Interracial Couple Sues Employer: Discrimination Claim in FL

Some of us like to think that racial discrimination is a reality of the past. Unfortunately, this is far from the truth.

Even though it was outlawed decades ago, Florida workplace racial discrimination is still a major problem for many of the state's residents. Sadly, victims of discrimination often hesitate to report the behavior out of fear they might lose their jobs. Even though retaliation is illegal, it still happens far too often.

A prime example exists in the recent case of two Florida employees who were punished after one of them made a claim of racial discrimination. The employees - a Caucasian woman and an African-American man - were dating and were routinely criticized and taunted by their supervisor for being involved in an interracial relationship.

Eventually, the harassment became so severe that the woman filed a formal discrimination complaint against her boss. A week later, she was fired and the man was demoted.

Both the man and the woman brought retaliation lawsuits against their employer. However, the employer sought to have the man's case thrown out since he wasn't the one who filed the actual discrimination complaint.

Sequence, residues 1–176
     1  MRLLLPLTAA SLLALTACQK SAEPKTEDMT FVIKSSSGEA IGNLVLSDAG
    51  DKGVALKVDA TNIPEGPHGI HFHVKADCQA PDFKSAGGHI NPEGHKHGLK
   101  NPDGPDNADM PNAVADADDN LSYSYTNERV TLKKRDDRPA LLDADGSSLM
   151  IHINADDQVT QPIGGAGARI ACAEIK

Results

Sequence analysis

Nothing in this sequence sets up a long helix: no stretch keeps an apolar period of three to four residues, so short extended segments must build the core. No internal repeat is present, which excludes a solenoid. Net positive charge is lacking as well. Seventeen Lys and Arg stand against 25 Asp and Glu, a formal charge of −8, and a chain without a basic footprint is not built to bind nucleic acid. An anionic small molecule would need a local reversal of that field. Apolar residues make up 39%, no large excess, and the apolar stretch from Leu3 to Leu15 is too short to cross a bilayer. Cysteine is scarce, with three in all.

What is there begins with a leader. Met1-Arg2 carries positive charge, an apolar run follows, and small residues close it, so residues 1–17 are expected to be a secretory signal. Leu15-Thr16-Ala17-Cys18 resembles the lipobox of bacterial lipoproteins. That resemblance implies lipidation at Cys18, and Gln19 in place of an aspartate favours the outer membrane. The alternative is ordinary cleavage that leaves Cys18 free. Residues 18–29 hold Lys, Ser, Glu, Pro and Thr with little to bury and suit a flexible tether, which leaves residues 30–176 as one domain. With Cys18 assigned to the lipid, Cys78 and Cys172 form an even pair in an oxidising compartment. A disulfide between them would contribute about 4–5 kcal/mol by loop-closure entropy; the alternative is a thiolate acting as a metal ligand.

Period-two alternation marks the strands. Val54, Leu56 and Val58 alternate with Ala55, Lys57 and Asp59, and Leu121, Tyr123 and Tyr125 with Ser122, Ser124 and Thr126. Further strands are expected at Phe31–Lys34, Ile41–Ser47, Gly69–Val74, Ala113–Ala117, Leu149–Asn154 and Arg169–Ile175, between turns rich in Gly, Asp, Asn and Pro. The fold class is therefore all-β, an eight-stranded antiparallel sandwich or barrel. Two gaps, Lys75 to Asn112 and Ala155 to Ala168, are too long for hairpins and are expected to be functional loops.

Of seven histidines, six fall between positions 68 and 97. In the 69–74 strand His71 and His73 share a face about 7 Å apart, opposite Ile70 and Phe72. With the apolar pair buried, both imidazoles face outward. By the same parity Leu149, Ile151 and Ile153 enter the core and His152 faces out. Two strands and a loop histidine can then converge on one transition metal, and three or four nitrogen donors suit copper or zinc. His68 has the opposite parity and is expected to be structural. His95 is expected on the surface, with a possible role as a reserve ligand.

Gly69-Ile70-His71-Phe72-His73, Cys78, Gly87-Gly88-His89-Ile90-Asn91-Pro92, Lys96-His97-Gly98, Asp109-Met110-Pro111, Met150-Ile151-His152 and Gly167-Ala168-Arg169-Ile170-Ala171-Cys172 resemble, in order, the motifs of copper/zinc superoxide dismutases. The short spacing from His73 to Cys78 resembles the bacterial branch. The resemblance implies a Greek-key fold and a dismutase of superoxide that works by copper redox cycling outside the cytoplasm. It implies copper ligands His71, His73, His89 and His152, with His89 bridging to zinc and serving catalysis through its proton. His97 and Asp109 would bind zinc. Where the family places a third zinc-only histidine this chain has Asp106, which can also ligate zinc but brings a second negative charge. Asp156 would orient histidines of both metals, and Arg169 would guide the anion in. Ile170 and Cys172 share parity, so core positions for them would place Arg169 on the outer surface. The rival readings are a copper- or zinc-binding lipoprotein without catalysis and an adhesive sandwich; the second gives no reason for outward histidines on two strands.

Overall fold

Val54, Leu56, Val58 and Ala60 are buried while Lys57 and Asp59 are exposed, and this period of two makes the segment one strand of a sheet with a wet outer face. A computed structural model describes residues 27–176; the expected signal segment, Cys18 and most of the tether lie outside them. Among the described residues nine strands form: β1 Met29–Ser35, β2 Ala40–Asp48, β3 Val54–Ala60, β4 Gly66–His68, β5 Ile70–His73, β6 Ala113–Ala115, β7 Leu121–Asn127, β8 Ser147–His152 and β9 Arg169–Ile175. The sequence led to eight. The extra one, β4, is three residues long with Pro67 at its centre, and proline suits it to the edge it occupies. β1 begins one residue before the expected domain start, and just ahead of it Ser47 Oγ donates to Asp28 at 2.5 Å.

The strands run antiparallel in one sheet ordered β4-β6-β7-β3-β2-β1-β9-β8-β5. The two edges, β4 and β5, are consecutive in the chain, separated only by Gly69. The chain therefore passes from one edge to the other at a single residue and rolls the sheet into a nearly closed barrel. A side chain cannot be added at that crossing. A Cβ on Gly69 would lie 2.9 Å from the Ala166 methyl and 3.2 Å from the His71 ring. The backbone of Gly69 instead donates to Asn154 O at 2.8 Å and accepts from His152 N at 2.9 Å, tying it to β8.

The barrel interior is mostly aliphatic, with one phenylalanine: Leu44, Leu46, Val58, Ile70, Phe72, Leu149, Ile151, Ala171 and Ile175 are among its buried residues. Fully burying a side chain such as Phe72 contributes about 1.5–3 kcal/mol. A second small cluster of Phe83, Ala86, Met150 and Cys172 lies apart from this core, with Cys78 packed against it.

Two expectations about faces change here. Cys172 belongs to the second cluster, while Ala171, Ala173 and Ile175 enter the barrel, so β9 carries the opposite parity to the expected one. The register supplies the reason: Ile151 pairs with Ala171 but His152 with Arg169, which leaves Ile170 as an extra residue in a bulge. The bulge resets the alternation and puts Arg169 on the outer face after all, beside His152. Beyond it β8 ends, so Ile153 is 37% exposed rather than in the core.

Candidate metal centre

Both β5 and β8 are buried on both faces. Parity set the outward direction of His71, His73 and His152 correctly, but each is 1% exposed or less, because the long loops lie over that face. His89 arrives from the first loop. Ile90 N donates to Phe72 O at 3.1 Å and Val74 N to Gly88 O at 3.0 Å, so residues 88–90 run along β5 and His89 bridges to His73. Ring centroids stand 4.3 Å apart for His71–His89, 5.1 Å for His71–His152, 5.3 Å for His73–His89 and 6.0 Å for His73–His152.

The court refused to dismiss the man's claims. It reasoned that the man's demotion could reasonably be viewed as punishment for the woman's complaint.

Rights of Discrimination Victims

Workers who make claims of discrimination are protected from retaliation, even if the employer is eventually absolved of the discrimination claim.

Retaliation isn't limited to firing or demotion. Employers commit unlawful retaliation whenever they take adverse actions against an employee as punishment for filing a discrimination complaint. Retaliation can also exist in situations where the employer takes adverse actions in an effort to prevent the employee from filing a complaint.

Under federal law, an employer who is found to have engaged in retaliation or discrimination will be required to return the employee to the same position, as if the illegal conduct never happened. For example, employees who are fired may be reinstated and given back pay. Victims may also be entitled to compensatory damages for losses including job search expenses, medical bills and mental anguish.

If you have been the victim of racial discrimination at work, know that you are not alone. Contact an employment law attorney who can help protect your rights.